Ryan Reynolds is staring at an anus unlike any other he's seen in his life, and it's all my fault. The two of us are standing—in synchronous dumbstruckness—in the foyer of a Berlin art gallery, where we've just been greeted by a sculpture of a headless, armless bronze torso prostrated on a pedestal—ass-up, as it were—with its sphincter tied with a pair of what appear to be bronzed sneaker laces. "Wow," Reynolds finally says, with a low exhalation. "That's gonna be hard to masturbate to."
We pivot to our left, where hanging on a wall is a large white canvas on which appear to be, at first glance, several rows of way-oversize fingerprints, as though cribbed from the Incredible Hulk's arrest-booking record. A rinse of relief washes over me, because the art-gallery tour was my idea—I'd heard Reynolds was an art enthusiast—to spring us from the Berlin hotel where Reynolds has been living for five weeks while shooting the director Marjane Satrapi's The Voices. I chose this gallery in the Mitte neighborhood because it was walking distance from the hotel and, from the photos on its website, seemed to be hosting an exhibit about motorcycles, another of Reynolds' favorite subjects. The interview, as I'd imagined it, would be a kind of freewheeling Rorschach test—the jumbo card of fingerprints, for instance, perhaps inspiring Reynolds to talk about his father and brother, the former a onetime cop and the latter a constable with the Royal Canadian Mounted Police in the 36-year-old actor's native British Columbia.
But this is not what happens. Rebutting my interpretation of the painting, with the same ominous tone Obi-Wan Kenobi used when informing Luke Skywalker that the Death Star was no moon, Reynolds says, "Those aren't fingerprints, man. They're ass prints."
It requires zero artistic acuity to see that Reynolds is right. Bouncily, he says, "Let's go see if there are more butt holes over here." We navigate our way into another room filled with . . . yeah, lots more. I'm cringing, a reporter in free fall. My attempt to give one of Hollywood's most dazzling (if press-shy) leading men, People's Sexiest Man Alive in 2010, and the star of one of this summer's blockbuster contenders a highbrow Rorschach test has landed us at an exhibition about what the gallery literature calls the "heterogeneous interfaces that are characterized by holes and passages." Or, in a word, anuses.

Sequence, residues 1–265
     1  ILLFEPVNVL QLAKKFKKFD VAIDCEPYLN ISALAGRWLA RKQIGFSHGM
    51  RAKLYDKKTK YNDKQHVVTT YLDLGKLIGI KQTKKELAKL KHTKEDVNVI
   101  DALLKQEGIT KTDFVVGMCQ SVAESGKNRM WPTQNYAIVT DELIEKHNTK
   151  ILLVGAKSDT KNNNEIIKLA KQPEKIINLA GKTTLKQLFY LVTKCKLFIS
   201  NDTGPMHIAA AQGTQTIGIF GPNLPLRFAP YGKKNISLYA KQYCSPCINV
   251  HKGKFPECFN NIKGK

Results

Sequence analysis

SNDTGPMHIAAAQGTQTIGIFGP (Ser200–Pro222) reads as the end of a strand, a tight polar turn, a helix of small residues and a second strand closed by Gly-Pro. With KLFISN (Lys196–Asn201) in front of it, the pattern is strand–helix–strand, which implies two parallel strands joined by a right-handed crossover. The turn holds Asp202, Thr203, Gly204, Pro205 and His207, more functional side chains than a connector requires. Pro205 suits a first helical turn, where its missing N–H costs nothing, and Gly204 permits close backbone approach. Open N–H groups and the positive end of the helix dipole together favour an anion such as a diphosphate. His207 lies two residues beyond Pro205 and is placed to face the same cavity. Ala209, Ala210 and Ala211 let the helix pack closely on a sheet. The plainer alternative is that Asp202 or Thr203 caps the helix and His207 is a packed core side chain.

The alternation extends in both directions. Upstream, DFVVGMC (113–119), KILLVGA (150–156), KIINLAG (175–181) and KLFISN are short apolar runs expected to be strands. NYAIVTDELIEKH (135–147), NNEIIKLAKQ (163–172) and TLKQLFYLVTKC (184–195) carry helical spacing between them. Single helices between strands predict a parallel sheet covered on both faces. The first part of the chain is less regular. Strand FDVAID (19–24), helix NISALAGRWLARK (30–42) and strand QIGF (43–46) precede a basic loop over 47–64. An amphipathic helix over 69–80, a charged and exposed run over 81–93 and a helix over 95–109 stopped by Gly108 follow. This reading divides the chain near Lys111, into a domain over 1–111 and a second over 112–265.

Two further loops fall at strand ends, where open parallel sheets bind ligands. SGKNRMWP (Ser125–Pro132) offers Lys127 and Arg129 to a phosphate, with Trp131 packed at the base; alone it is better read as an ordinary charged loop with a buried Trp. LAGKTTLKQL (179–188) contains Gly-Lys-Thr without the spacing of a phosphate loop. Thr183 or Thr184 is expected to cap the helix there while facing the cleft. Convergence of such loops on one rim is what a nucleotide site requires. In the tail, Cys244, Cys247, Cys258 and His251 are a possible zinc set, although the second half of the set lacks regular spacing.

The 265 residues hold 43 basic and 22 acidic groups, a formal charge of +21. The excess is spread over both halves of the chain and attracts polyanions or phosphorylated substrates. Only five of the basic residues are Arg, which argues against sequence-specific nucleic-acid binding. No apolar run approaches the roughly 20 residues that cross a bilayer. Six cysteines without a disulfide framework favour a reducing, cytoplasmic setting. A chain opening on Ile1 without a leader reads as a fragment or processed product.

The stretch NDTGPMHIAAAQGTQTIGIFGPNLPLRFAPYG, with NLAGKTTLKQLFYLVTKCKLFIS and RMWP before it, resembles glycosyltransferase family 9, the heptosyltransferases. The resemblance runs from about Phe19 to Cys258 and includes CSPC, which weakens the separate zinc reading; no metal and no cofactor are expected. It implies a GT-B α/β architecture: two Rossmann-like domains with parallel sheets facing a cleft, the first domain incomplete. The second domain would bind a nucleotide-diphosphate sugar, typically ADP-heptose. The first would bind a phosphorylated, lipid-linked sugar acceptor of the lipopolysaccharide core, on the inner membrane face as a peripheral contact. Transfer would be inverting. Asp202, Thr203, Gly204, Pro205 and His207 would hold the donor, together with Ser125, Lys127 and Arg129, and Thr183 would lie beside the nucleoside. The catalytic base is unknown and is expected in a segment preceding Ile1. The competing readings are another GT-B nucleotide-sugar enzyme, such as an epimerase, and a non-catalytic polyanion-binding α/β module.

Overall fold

But Reynolds doesn't care. In fact, he thinks it's hilarious, and to trail him through the gallery's many odd and then odder rooms is to be shotgunned with more raunchy comic riffs and one-liners than are contained on a complete DVD set of Family Guy. (A DVD set, by the way, that would feature Reynolds, who has voiced cameos for the series.) Had my interview notes later been confiscated by German customs officers, I'm not sure how I would've been able to explain the following scribbled entries: "giraffe anus"; "Gulliver's butt hole"; "sack of a thousand anuses"; and "Ernest Borgnine's asshole." Except by telling those customs officials: There's a perversely funny guy working in your country right now. A perversely funny guy who also seems, two years after a series of personal and professional setbacks, to be finding his groove as both an actor and a man, if not as an art critic.